What is Sinus Infection (Sinusitis)

 A sinus is a hollow, air-filled cavity. For the purposes of this article, a sinus will referred to those hollow cavities that are in the skull and connected to the nasal airway by a narrow hole in the bone (ostium). Normally all are open to the nasal airway through an ostium. Humans have four pair of these cavities each referred to as the:

  1. frontal sinus (in forehead),
  2. maxillary sinus (behind cheeks),
  3. ethmoid sinus (between the eyes), and
  4. sphenoid sinus (deep behind the ethmoids).

The four pair of sinuses are often described as a unit and termed the “paranasal sinuses.” The cells of the inner lining of each sinus are mucus-secreting cells, epithelial cells and some cells that are part of the immune system (macrophages, lymphocytes, and eosinophils).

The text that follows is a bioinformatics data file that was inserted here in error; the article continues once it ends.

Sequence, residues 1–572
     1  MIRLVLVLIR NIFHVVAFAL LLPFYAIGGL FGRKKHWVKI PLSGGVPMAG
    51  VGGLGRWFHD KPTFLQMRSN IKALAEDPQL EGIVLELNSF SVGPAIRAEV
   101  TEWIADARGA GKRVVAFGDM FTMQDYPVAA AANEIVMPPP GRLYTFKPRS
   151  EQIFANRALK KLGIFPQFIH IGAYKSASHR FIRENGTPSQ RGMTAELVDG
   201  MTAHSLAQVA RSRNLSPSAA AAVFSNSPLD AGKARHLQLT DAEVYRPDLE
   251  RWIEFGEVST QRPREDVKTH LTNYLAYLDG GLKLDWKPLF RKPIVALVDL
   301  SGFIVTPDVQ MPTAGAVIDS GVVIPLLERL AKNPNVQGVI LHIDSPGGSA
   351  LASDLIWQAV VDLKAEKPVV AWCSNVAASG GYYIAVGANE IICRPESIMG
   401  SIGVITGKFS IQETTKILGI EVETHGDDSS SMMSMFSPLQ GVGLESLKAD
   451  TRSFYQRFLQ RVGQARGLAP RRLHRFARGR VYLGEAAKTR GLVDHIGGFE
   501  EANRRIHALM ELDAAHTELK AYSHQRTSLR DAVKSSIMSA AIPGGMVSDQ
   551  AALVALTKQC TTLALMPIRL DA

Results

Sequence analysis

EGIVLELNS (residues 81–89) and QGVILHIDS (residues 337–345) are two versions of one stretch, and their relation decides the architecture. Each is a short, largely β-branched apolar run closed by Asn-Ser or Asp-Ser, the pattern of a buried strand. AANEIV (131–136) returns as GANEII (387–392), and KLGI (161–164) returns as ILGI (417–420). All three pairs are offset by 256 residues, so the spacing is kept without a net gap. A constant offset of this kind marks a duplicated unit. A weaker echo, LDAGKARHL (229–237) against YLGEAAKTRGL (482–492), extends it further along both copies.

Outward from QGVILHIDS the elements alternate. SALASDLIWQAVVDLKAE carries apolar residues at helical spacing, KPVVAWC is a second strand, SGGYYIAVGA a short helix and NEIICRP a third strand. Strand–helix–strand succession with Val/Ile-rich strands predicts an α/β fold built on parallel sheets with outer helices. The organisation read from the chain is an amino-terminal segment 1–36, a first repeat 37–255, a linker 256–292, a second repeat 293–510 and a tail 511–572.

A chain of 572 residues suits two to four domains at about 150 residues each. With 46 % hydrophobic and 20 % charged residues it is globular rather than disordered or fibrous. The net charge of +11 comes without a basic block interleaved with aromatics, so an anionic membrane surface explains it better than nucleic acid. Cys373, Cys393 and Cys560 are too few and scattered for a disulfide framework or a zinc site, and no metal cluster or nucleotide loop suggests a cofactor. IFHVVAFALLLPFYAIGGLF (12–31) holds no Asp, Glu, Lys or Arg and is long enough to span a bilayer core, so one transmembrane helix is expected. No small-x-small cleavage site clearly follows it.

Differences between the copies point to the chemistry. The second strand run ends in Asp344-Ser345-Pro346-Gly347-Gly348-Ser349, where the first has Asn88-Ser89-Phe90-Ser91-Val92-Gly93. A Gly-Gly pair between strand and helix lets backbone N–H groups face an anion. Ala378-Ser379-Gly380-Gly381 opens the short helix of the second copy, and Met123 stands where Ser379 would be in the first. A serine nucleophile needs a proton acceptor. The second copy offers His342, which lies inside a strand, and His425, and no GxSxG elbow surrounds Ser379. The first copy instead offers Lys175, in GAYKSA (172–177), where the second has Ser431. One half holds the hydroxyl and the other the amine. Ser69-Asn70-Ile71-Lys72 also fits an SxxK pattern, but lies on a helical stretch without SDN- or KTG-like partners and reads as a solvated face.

Functions of the sinuses include humidifying and warming inspired air, insulation of surrounding structures (eyes, nerves), increasing voice resonance, and as buffers against facial trauma. The sinuses decrease the weight of the skull.

Sinus Infection Signs & Symptoms

Commonly sinus infection signs and symptoms are headache, facial tenderness, pressure or pain, and fever. However, as few as 25% of patients may have fever associated with acute sinus infection. Other common symptoms include:

  • cloudy, discolored nasal drainage,
  • a feeling of nasal stuffiness,
  • sore throat, and
  • cough.

Some people notice an increased sensitivity or headache when they lean forward because of the additional pressure placed on the sinuses. Others may experience tooth or ear pain, fatigue, or bad breath. Nasal drainage is usually clear or whitish-colored in people with noninfectious sinusitis.

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